I found the premise to be interesting, but the story was hard for me to finish. The plot seemed to move slowly at first, and I put the book down for a while before eventually finishing it. Still, there were some interesting facets, especially the reimagining of American culture if it had been based upon African traditions rather than European ones. Overall, I found the book to be intriguing, but not a must read.

#53: Teacher Man

Teacher Man is Frank McCourt's memoir about his career spent teaching high school English in New York City's public schools. As a teacher, I found his story to be very interesting and entertaining. McCourt described all of the difficulties and rewards of being a teacher. The thing that stuck out was his willingness to find unconventional solutions to problems, even when it caused him to butt heads with administrators. His main concern was connecting to his students, but some of his superiors frowned upon his methods. This lack of flexibility among administrators and overseers of schools is a major source of what is wrong with schools today. Overall, I found McCourt's writing to be humorous and inspirational.

Monday, August 3, 2009

#52: Notes From a Small Island

Notes From a Small Island is another example of travel writing by Bill Bryson. In this case, after living in England for a number of years and just before returning to his native U.S., he decided to explore everything that the United Kingdom had to offer. He began at the English Channel and traveled to John O'Groats at the tip of Scotland, and visited points in between throughout England, Scotland and Wales.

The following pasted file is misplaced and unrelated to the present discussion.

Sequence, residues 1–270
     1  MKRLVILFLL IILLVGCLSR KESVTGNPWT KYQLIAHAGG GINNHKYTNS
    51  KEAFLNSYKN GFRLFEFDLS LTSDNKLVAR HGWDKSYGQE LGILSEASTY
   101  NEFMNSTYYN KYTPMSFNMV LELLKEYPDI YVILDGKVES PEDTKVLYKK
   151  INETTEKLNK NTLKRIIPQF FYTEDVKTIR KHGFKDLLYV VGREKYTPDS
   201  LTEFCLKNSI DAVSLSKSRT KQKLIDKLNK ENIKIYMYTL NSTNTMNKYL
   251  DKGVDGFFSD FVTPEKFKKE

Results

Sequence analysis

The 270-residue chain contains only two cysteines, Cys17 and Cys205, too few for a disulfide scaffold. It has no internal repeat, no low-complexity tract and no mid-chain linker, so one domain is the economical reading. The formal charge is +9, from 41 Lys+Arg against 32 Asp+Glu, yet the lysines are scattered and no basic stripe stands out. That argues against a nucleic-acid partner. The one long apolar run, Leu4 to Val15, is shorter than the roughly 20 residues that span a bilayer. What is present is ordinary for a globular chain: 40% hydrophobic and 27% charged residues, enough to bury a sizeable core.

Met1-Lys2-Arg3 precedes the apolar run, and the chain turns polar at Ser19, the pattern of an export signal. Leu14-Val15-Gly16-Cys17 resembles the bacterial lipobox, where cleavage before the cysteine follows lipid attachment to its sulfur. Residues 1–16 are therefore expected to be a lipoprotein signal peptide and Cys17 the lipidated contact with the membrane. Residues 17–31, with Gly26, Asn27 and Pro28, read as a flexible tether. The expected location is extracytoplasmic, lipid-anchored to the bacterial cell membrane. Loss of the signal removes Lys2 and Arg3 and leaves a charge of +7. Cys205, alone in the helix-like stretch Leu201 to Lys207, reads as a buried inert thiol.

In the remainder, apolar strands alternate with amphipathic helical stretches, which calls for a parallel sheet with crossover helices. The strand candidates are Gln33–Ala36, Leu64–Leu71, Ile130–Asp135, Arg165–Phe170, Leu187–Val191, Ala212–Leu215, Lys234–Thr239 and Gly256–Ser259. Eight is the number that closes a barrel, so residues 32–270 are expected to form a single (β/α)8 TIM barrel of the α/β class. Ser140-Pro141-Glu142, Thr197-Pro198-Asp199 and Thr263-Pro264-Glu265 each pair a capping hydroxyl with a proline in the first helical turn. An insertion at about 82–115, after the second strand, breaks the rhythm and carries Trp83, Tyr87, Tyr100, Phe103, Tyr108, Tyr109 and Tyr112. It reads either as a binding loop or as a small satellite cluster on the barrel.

As with Bryson's other books, he looks at things in a humorous way. He uses trains to travel throughout the country and spends time musing on the vagaries of British Rail. He also spent time commenting on his lodging and the historical sites he visited, as well as the odd sites that attracted him like on all of his other journeys. He makes a special point to marvel about just how old many of the things are in Britain, such as numerous footpaths and hedgerows dating hundreds of years and an abundance of churches and other buildings dating to medieval times. However, in one instance, he went to a decrepit ruin of a house to see a Roman mosaic, only to later find out that it was a replica.

While the book does a great job in describing what it is like to travel through Great Britain, Bryson also serves another purpose. He expresses his appreciation for his adopted land. While he sometimes points out the quirks of the British, he does so in a gentle, rather than mocking way.

While I did not enjoy this book as much as some of Bryson's other work (such as In a Sunburned Country and Thunderbolt Kid, I would recommend it to others, especially if you enjoy travel writing.